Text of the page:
Suffolk to Require Nitrogen-Reducing Septic Systems for New Construction

Pictured above: Citizen Campaign for the Environment Executive Director Adrienne Esposito, Steve Bellone, Executive Director of Suffolk County, and Al Krupski, Suffolk County’s North Fork legislature, signing the bill on Thursday at Lake Ronkonkoma.

Suffolk County will now require the use of nitrogen-reducing sewer systems in all new construction in unused areas of the county after Suffolk County legislation was passed unanimously last week and signed Thursday by Suffolk County Executive Steve Bellone.

The law will also allow greater flexibility for the use of small wastewater treatment plants in downtown business districts.

The changes are part of Suffolk’s overall plan to solve long-standing problems caused by the lack of sewage infrastructure in most parts of the county, which have led to groundwater and surface water nitrification and an increase in harmful algal blooms.

Nitrogen-reducing sewage systems will be required in all new residential and commercial buildings, as well as single-family home renovations that increase the number of bedrooms to more than five and increase the floor area or area of ​​the building. The new requirements will come into force in July 2021.

The use of small downtown wastewater treatment plants is a change designed to help companies that rely on cesspools switch to systems that instead reduce nitrogen, allow it to expand, while better protecting water quality.

Steve Bellone’s Suffolk County office held a signing ceremony in Lake Ronkonkoma County Park on Thursday.

“Protecting water quality is a top priority for both the environment and our economy,” said Bellone. “The actions we are taking today will enable greater investments in our downtown business districts and help future generations enjoy cleaner water in the bays, harbors and beaches that make Suffolk County a special place.”

“The critical step the county is taking today reflects a broad scientific consensus that excess nitrogen from the grossly outdated practice of burying untreated human waste in the ground above our only source of drinking water has adversely affected our bays, rivers and ports and threatens our drinking water supplies, ”said Bridget Fleming, Lawmaker for South Fork Suffolk County.

The new law is the latest in a series of measures the county has taken in recent years to abandon the use of cesspools and sewage treatment plants. In 2016, Suffolk County established Article 19 of the Suffolk County Sanitary Code, which provided a rigorous testing system for new custom nitrogen-reducing sewer systems (I / A OWTS).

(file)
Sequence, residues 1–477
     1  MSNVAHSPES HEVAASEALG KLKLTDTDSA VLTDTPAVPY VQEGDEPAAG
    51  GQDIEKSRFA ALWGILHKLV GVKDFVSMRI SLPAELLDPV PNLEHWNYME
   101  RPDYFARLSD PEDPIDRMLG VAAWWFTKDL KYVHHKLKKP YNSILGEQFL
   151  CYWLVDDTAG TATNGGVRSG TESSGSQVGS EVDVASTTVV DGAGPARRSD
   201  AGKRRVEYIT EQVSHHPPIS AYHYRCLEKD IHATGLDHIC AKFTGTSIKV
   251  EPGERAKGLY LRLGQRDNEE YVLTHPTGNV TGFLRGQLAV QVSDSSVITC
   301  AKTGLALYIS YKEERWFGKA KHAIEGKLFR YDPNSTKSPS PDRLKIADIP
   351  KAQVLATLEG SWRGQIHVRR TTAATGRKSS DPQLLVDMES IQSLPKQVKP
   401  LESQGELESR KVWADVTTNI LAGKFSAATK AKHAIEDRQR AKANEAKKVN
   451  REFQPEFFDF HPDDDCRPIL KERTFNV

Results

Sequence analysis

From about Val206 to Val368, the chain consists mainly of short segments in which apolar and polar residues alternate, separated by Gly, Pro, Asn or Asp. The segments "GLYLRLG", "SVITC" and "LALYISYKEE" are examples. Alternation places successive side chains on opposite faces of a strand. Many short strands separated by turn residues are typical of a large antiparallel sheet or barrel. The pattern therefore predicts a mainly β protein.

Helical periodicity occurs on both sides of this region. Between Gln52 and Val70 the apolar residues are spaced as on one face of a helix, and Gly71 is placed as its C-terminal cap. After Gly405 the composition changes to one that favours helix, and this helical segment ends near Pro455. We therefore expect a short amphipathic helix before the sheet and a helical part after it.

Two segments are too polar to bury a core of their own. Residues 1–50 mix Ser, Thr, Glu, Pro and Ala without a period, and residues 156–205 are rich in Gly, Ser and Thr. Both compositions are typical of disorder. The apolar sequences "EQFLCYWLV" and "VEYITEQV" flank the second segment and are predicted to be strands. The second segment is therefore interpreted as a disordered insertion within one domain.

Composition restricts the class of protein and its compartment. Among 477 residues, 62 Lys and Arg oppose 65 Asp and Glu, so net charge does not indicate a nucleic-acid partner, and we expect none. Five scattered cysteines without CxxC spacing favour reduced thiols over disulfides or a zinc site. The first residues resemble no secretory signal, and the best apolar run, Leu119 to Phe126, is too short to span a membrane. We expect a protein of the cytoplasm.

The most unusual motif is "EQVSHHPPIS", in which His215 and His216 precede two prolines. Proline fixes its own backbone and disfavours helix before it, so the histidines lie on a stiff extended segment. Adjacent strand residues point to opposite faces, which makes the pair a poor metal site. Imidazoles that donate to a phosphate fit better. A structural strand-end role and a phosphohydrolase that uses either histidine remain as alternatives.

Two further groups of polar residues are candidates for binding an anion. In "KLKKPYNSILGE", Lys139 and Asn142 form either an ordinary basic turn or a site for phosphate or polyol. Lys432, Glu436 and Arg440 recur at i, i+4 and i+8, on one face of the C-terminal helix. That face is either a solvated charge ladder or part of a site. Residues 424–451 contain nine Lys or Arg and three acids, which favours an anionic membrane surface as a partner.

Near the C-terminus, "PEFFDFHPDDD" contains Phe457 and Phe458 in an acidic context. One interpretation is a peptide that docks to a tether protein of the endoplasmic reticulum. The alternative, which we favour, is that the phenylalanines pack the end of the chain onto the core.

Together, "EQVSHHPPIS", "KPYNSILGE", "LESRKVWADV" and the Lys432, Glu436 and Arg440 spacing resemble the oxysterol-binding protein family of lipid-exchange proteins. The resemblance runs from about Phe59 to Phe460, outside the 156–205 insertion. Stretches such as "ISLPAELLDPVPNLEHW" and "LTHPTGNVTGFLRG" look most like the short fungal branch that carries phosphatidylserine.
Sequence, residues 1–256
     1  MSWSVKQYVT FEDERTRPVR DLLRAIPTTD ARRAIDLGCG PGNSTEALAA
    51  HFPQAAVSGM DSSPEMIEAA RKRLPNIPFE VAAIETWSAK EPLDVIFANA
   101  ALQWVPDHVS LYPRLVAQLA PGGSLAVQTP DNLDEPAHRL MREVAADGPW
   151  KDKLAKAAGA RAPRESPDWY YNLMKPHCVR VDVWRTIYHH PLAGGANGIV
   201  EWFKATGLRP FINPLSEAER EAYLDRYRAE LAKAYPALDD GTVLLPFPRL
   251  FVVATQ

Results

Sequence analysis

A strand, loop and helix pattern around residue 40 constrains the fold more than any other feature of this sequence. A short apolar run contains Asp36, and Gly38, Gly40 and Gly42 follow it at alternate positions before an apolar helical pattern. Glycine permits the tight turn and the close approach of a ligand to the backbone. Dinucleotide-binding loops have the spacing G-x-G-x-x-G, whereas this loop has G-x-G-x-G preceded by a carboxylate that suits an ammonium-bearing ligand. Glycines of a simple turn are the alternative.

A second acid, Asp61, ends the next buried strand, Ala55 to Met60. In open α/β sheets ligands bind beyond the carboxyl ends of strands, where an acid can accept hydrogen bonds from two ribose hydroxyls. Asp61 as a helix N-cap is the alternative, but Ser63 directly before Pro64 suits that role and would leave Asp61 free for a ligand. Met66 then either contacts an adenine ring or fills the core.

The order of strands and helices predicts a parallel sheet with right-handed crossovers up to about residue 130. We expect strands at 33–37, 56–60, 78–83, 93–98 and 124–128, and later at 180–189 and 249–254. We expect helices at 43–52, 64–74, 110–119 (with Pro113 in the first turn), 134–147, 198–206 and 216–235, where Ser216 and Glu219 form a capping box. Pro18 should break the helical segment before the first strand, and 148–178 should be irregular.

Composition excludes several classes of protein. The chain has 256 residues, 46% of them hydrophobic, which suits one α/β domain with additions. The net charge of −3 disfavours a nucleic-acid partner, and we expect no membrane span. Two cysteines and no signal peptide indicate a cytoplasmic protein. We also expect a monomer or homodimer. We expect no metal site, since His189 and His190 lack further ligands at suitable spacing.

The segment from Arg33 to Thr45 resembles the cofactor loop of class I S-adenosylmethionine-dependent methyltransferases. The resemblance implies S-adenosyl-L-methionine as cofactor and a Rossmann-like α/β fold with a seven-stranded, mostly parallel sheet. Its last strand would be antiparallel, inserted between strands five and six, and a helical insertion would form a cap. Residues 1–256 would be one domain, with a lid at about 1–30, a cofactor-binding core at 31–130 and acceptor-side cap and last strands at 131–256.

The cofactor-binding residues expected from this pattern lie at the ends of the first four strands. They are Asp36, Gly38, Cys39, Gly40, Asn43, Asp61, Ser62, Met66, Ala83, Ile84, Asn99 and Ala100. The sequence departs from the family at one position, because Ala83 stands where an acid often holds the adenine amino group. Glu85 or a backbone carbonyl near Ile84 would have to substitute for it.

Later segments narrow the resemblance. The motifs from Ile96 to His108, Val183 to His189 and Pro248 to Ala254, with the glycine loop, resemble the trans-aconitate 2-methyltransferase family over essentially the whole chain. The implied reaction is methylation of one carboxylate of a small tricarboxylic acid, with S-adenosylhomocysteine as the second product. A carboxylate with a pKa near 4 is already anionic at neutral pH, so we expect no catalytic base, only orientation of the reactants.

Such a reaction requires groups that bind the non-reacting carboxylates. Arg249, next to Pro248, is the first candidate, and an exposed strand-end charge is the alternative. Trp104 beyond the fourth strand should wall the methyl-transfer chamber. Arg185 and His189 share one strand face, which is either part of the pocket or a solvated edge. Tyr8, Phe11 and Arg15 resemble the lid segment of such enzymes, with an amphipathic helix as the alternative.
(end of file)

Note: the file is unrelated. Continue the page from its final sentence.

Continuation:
In 2017, Suffolk County launched its Septic Improvement Program, which provides grants and low-interest financing to make the replacement of cesspools and sewage treatment plants with new IA technologies affordable for homeowners. To date, more than 1,900 homeowners have applied for the program, 1,082 grants have been awarded, and nearly 600 IA systems have been installed. New York State has allocated $ 10 million to Suffolk in replacement funds for the septic system, and the county expects to receive second state funding in early 2021.

Three years ago, the county also introduced a new cesspool ban, filling a loophole in the Sanitary Code since 1973 and calling for “grandfather” commercial real estate to install advanced nitrogen-reducing sewer systems.

“I would like to thank the county executive for his leadership in advancing wastewater treatment,” said Al Krupski, North Fork County Legislator. “It is not sustainable to dump our human waste into our drinking water along with all other cleaning products, health and beauty products, and pharmaceuticals. I am very impressed with the leadership of Peter Scully, the hard work and diligence of the Department of Health, Planning and the Department of Public Works of Suffolk County. ”

“These proposed changes to the Health Code represent important steps in restoring water quality in Suffolk County and show that the county is not just investigating the problem, but taking action to protect public health and coastal ecosystems,” said Dr. Christopher Gobler Professor of Coastal Ecology and Director of the New York State Center for Clean Water Technology at Stony Brook University. “Scientists have documented a decline in water quality for decades that contributed to the collapse of vital clam industries such as hard clams and scallops. Now Suffolk County is using the best science available to make the changes necessary to reverse the decades-old decline. We will all benefit from these changes in the decades to come. “

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